1) Cost Element
A component of Controlling (CO) that collects and summarizes postings that arise within CO in a reconciliation ledger.
Cross-company and across business area postings are passed on to Financial Accounting. You can also create cost analyses in the CO applications.
2) Cost Center
By assigning cost centers to organizational objects, you determine where costs incurred by the object are to be charged. The inheritance principle applies: If an organizational object is not assigned a cost center, the cost center assigned to the superior object applies.
An organizational object may also be assigned more than one cost center
3) Profit Center
Distributed Profit Center Accounting enables you to manage your profit center data centrally even when different business transactions are processed in different R/3 systems.
In a given company, sales and production run on two separate systems
4) Internal Orders
Internal orders are normally used to plan, collect, and settle the costs of internal jobs and tasks. The SAP system enables you to monitor your internal orders throughout their entire life-cycle; from initial creation, through the planning and posting of all the actual costs, to the final settlement and archiving:
Order management within a company usually differentiates between sales-oriented orders, and internal orders. Sales-oriented orders (production or sales orders) are intended mainly for the logistical control of input factors and sales activities. Internal orders are categorized as either:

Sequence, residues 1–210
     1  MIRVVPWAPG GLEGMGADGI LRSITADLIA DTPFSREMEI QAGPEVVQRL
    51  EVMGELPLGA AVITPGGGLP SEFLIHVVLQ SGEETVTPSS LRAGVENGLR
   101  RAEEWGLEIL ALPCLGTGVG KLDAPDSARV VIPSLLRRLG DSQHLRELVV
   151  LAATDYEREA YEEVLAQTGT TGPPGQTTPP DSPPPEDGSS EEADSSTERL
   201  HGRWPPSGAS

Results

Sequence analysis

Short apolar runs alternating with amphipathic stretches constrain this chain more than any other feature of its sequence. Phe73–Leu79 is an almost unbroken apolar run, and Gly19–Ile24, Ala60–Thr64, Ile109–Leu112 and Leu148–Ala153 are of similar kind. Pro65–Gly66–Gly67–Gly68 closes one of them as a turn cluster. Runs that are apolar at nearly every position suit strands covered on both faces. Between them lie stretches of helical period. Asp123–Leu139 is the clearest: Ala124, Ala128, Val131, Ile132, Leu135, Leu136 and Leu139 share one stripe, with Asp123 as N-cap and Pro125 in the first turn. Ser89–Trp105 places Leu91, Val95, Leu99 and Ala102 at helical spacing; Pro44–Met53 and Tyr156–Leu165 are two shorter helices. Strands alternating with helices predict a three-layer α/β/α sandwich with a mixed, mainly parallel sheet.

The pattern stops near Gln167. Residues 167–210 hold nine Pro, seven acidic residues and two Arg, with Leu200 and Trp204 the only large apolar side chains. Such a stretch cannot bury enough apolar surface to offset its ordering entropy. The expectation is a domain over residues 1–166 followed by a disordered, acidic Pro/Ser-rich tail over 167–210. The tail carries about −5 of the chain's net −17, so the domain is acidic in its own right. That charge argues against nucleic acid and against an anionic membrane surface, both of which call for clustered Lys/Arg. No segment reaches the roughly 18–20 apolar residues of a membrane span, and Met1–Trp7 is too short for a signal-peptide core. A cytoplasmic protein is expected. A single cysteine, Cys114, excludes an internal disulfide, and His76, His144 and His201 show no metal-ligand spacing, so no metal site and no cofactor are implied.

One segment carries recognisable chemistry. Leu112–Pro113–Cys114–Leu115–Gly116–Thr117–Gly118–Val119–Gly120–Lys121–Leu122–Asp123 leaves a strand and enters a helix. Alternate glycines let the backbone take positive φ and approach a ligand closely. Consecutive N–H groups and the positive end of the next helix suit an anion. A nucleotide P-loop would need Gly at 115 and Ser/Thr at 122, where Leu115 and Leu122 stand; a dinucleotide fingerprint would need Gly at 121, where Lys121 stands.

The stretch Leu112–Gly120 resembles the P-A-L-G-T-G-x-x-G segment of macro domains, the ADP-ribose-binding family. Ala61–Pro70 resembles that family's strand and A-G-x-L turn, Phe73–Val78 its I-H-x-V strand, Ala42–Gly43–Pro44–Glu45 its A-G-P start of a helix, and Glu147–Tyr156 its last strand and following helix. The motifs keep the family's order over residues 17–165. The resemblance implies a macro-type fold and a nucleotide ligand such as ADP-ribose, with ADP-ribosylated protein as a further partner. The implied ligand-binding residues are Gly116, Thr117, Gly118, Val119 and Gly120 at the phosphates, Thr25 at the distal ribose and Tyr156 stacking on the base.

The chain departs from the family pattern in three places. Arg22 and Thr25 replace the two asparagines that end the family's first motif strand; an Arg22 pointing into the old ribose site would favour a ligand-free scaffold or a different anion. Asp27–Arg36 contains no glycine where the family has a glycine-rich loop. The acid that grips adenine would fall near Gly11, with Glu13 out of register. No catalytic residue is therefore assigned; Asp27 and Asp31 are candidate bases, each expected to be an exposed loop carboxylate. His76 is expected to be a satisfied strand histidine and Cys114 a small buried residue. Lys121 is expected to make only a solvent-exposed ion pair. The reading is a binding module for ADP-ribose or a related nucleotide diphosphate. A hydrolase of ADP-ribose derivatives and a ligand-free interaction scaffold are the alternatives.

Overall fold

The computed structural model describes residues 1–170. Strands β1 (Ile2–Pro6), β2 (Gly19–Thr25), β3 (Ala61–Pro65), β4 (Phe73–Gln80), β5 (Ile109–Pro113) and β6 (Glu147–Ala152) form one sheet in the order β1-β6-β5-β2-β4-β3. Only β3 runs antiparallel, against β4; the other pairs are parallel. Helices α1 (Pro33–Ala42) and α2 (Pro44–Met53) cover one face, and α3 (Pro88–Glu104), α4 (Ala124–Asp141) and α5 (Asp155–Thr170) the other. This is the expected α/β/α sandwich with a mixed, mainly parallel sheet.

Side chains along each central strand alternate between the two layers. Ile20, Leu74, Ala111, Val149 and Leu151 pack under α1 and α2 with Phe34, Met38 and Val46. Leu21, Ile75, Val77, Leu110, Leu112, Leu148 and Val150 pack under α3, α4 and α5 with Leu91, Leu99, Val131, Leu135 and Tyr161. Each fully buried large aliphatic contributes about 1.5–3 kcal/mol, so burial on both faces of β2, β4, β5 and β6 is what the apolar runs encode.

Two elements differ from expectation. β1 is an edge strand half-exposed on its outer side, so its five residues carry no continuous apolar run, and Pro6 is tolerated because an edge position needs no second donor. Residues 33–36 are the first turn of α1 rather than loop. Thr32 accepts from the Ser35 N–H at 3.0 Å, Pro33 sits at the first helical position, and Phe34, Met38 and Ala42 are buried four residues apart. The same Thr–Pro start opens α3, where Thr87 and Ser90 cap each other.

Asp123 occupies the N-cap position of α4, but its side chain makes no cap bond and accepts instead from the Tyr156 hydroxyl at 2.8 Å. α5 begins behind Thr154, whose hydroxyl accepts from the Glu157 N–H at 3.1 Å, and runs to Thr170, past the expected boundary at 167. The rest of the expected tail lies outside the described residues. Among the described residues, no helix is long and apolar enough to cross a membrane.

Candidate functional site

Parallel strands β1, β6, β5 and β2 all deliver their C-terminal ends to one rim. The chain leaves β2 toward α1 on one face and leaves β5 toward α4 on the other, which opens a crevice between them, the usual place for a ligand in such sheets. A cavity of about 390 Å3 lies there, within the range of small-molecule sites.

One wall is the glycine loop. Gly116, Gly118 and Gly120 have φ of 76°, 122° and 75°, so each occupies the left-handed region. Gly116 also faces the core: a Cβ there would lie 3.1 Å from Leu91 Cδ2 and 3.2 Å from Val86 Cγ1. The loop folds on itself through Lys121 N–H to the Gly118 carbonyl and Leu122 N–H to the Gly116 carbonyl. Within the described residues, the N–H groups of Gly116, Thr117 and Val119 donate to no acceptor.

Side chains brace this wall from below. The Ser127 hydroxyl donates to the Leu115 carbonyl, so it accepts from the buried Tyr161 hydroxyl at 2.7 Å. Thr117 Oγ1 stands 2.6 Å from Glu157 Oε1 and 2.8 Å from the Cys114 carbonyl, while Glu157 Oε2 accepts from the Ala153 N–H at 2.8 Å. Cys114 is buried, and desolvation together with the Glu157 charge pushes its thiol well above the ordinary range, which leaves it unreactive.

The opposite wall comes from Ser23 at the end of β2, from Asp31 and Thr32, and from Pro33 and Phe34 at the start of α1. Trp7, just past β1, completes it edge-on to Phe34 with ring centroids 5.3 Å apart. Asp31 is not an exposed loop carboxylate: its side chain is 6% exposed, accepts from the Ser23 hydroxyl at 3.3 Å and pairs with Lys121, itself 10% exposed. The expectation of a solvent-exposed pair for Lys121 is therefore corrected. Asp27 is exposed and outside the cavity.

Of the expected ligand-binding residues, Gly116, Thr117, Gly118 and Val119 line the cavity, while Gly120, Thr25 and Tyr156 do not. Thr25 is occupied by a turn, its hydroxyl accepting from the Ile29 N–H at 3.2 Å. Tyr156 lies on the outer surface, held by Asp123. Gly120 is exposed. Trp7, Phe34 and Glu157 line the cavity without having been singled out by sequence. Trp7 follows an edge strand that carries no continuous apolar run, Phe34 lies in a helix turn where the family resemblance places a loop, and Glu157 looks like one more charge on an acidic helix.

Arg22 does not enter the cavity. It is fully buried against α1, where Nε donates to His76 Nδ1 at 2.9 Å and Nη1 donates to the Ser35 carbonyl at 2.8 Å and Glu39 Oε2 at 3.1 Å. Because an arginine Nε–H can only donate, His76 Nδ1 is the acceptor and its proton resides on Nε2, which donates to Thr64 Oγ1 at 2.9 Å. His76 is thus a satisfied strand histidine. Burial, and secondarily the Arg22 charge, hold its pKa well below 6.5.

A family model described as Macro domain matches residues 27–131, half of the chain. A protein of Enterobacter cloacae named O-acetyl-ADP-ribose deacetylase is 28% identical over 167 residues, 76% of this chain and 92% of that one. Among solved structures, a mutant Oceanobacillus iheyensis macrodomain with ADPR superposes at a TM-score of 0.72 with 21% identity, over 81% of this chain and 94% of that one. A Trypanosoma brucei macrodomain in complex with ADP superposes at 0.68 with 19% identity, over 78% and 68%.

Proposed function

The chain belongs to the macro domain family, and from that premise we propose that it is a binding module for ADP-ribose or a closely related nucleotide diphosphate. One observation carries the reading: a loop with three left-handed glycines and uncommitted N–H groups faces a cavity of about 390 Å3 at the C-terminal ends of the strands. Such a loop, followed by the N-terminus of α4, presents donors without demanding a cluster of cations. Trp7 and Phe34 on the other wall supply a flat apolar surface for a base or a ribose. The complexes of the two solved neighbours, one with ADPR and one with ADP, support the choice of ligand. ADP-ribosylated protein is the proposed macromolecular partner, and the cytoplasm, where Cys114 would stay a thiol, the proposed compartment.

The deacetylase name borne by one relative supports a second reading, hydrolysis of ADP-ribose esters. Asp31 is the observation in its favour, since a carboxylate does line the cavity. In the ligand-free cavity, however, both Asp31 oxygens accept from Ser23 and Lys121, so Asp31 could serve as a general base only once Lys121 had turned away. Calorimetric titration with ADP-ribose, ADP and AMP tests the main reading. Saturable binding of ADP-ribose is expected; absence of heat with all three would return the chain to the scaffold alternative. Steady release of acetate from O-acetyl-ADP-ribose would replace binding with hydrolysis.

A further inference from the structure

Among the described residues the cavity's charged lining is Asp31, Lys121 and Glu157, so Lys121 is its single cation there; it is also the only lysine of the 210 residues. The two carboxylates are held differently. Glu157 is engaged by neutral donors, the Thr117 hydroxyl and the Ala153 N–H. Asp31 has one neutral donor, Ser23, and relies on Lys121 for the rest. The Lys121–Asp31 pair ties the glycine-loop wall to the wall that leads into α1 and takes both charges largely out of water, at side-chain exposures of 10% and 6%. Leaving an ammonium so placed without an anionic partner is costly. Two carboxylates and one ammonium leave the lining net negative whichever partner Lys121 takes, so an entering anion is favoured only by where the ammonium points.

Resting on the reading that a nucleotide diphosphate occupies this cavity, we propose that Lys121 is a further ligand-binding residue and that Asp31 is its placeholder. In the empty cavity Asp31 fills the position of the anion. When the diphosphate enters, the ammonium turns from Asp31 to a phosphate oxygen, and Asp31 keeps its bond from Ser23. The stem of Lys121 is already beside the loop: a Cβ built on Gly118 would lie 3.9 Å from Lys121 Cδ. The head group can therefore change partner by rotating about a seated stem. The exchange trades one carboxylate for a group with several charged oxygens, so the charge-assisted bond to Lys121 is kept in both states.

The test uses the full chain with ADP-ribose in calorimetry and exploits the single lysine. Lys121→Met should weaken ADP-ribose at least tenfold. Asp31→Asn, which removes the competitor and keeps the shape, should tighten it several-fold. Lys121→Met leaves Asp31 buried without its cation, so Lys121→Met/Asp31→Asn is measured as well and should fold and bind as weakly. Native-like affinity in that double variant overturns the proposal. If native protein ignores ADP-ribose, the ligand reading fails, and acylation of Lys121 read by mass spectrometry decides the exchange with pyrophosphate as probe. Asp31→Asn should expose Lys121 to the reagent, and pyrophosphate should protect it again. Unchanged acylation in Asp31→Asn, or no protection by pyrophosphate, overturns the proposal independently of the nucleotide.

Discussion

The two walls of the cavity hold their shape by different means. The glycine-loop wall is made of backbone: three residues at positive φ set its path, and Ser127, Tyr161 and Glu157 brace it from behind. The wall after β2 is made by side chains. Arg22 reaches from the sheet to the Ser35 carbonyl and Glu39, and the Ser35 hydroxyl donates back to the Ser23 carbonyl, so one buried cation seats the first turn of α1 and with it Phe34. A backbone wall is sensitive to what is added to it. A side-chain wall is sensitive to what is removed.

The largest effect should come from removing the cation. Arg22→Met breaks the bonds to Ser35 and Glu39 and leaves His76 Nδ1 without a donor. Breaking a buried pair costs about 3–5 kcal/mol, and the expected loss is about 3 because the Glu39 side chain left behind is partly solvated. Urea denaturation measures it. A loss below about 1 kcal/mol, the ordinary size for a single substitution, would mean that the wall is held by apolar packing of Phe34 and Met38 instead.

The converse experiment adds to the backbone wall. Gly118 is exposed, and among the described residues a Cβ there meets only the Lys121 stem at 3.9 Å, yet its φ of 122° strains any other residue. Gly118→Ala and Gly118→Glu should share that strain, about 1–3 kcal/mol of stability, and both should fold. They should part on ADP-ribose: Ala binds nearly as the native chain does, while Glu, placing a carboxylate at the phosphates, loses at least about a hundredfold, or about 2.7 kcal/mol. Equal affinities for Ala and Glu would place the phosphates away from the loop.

Orders used only for monitoring objects in Cost Accounting (such as, advertising or trade fair orders)
Productive orders that are value-added, that is, orders that can be capitalized (such as in-house construction of an assembly line).
Internal order management is the most detailed operational level of cost and activity accounting. It can be used for:
Cost monitoring, for example, where costs need to be looked at from object-related aspects, unlike in Cost Element Accounting or Cost Center Accounting
Assisting decision-making, when you need to decide between in-house production and external procurement
COPA is nothing but Profitability Analysis
For the periodic transfer of overhead to Profitability Analysis (CO-PA), start an assessment or an indirect activity allocation at the end of the month. This performs a cycle or several cycles at once. These cycles contain the control information and can be maintained in Customizing in CO-PA.
Cycles for period-based allocation are mainly used in overhead allocation (CO-OM) to allocate cost center costs to other cost centers or to other receiver objects in CO-OM. In the documentation for Cost Center Accounting (CO-OM-CCA), you can find detailed information about the scope of functions for using cycles. This section will concentrate on the special features for using cycles in CO-PA and includes references to the appropriate and more detailed sections in the CO-OM-CCA documentation.